An early branch of AI popular in the late 1980s and early 1990s was called fuzzy logic, a term that represents a potential loss of programming control and liability. If we accepted fuzziness, we might produce machines that could assess a situation rapidly and significantly limit collateral damage, thereby arguably making war more humane.8 But what if a robot mistakenly kills an insurgent who had been firing his weapon but now has his hands in the air and is trying to surrender? Aside from being inhumane and unethical, killing people in such situations also is counterproductive. To be trusted in combat, these machines must be able to make correct judgments nearly 100 percent of the time, which means they will be held to a higher standard than human combatants.
Safeguarding the network and communications necessitates protecting their protocols, frequencies, and encryption. Like the crews of ships and aircraft, as well as individual soldiers, machines will remain in contact with the chain of command. This communication usually will occur with a human operator, but in the case of swarm tactics, human control will be minimized because less communication can mitigate the threat of cyber or electronic attacks.9 Along with the need to stay inside an adversary’s OODA loop, this will drive future designs toward increasing autonomy while minimizing communications.10
Safely staying inside an adversary’s ever-quickening OODA loop will depend on technological developments in sensors, but even more so on advancements in computer processing power. As we attempt to teach machines to employ rules of engagement, a new aspect of the fog of war will emerge through the inclusion in conflict of a new type of uncertainty.
Humans Are Always in Charge and Liable
Once the robots achieve adequate reliability to execute rules of engagement, concern will shift to issues of liability when a machine kills the wrong person or causes unnecessary collateral damage. This multifaceted unease stems from system reliability, unexpected environmental changes and impact to a machine’s sensors, and weaknesses in the training of those who control the technology.11 Leaders will need to set clear parameters for the use of these systems.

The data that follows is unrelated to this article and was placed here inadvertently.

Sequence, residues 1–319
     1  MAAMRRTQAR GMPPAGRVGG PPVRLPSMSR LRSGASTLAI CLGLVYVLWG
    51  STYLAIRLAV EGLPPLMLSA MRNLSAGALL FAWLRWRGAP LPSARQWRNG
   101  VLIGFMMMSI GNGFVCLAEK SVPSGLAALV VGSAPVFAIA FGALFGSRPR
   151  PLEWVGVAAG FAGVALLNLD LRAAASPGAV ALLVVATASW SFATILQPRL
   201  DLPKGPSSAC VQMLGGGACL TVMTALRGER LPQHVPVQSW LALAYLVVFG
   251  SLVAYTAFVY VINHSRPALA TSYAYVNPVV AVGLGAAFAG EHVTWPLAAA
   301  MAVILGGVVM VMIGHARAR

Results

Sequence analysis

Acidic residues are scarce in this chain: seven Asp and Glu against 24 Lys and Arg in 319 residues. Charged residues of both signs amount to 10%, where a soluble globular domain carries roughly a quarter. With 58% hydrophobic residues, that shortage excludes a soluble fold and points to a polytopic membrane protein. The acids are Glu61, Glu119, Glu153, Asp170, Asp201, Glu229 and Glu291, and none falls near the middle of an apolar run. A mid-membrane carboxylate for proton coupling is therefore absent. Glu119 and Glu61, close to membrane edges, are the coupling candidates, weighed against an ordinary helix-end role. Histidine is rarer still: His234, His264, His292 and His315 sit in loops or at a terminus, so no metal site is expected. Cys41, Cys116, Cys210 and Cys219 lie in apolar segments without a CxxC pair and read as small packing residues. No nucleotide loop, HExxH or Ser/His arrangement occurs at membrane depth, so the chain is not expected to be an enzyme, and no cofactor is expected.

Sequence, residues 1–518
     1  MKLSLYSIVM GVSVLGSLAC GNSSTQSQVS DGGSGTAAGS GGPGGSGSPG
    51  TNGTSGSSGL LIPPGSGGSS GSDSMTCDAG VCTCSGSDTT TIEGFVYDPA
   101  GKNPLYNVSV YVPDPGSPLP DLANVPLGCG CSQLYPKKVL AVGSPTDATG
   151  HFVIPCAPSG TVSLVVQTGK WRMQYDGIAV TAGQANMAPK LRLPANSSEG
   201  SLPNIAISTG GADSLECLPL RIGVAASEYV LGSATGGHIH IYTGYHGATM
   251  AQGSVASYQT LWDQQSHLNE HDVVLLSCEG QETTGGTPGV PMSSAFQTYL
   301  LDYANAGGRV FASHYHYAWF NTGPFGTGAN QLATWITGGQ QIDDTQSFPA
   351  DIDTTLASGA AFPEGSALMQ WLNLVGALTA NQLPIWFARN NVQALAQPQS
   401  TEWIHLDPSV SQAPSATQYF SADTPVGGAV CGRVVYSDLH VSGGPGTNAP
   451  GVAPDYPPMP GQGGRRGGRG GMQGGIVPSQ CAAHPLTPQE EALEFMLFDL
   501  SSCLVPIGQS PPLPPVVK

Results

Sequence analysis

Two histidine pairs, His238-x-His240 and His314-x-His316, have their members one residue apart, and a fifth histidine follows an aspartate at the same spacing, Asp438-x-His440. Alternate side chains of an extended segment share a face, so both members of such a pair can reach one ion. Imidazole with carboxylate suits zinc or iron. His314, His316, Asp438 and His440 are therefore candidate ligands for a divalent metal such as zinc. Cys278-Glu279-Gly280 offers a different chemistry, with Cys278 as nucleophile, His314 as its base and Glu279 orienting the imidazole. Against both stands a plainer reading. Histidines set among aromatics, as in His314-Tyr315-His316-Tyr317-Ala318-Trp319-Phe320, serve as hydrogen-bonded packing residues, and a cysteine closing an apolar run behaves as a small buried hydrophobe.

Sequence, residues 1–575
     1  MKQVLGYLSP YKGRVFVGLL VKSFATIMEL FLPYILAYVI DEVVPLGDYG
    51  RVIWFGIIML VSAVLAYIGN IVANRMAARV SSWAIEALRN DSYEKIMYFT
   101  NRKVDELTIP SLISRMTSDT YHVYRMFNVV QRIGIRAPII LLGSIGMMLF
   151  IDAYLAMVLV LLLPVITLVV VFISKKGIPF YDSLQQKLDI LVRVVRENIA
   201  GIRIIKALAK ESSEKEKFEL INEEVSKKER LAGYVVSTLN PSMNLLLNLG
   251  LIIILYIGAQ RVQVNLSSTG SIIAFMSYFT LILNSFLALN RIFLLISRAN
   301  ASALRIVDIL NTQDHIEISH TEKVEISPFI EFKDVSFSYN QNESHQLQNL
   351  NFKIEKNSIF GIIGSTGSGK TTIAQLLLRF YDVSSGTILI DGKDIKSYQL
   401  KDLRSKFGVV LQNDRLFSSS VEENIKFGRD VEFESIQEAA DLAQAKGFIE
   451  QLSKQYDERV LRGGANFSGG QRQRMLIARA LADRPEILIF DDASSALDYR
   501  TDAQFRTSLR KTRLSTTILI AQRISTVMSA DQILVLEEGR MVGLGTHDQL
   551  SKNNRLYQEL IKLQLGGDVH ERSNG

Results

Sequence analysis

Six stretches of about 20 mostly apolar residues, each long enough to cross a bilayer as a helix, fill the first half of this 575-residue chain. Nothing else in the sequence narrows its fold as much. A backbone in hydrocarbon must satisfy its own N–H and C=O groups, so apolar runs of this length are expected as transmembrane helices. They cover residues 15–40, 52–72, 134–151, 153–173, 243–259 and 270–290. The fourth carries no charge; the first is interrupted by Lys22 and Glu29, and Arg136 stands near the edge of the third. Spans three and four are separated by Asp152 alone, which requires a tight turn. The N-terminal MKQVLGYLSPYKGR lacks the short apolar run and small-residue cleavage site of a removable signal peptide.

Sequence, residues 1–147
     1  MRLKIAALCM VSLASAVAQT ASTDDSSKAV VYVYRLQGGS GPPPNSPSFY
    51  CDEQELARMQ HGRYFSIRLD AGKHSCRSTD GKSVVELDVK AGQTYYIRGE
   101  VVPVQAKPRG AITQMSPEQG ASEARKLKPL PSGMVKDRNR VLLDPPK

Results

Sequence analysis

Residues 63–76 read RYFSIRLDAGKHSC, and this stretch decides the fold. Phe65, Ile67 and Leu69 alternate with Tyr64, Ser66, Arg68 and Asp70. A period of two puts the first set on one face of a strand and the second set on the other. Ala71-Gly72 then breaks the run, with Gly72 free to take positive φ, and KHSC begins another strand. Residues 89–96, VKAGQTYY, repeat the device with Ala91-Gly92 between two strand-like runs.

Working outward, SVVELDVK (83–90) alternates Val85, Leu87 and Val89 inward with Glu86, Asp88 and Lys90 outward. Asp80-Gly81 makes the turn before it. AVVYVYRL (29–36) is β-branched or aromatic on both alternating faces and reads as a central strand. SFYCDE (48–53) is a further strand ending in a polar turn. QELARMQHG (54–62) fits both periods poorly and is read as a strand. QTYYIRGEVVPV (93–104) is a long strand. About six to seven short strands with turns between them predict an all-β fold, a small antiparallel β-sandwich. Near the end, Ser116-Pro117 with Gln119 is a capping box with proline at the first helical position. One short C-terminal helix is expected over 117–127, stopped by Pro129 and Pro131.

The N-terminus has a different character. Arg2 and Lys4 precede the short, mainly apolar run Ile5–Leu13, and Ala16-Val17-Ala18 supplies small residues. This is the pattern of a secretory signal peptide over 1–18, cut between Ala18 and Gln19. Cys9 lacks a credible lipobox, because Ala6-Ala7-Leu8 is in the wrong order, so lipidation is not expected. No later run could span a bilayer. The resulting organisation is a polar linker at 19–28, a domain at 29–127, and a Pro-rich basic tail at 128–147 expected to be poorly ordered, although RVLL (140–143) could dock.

Characteristic of such complex programs is brittleness, the possibility of a flaw in one subprogram or sensor layered into a larger system, which causes a catastrophic failure.12 To weed out errors inherent in such a complex process, prototypes must undergo a prolonged testing period—which, because of the nature of learning machines, is likely to remain an open-ended process.
Another source of concern is the threat of cyberattacks through backdoors during the production of microchips, and infiltration of the network in which these machines operate.13 To prevent this problem, certified and nationally controlled facilities likely will be needed, especially for those parts associated with the kill decision. This involves sensor data processing, target validation, and engagement order.
Beyond production flaws, liability for operational mistakes must rest with the person charged with the proper employment of learning machines. This liability necessitates training those who use such systems to evaluate the situation for appropriate use and control of safeguards on the “independent learning” of the systems. Such knowledge is vital and must be a prerequisite of certifying a cadre of learning machine professionals.14
Determining whether a criminal act was perpetrated by the human operator or designer of a learning machine often requires establishing ill intent—which is complicated by AI’s ability to solve problems without human intervention.15 Because AI-created outcomes would be unpredictable and causality impossible to prove, this situation has the potential of creating a legal fiction without accountability.16 However unlikely, ill intent of an AI system would be contingent on it having the equivalent of human emotions, so that it would be able to understand the ethical consequences of its actions. While learning machines are coming and soon, it is highly unlikely that a machine with human-type empathy could be built; therefore, humans cannot be totally removed from liability. Because the employment of deadly force necessitates an ethical question and AI is nonethical, a human always must decide and be liable for these machines.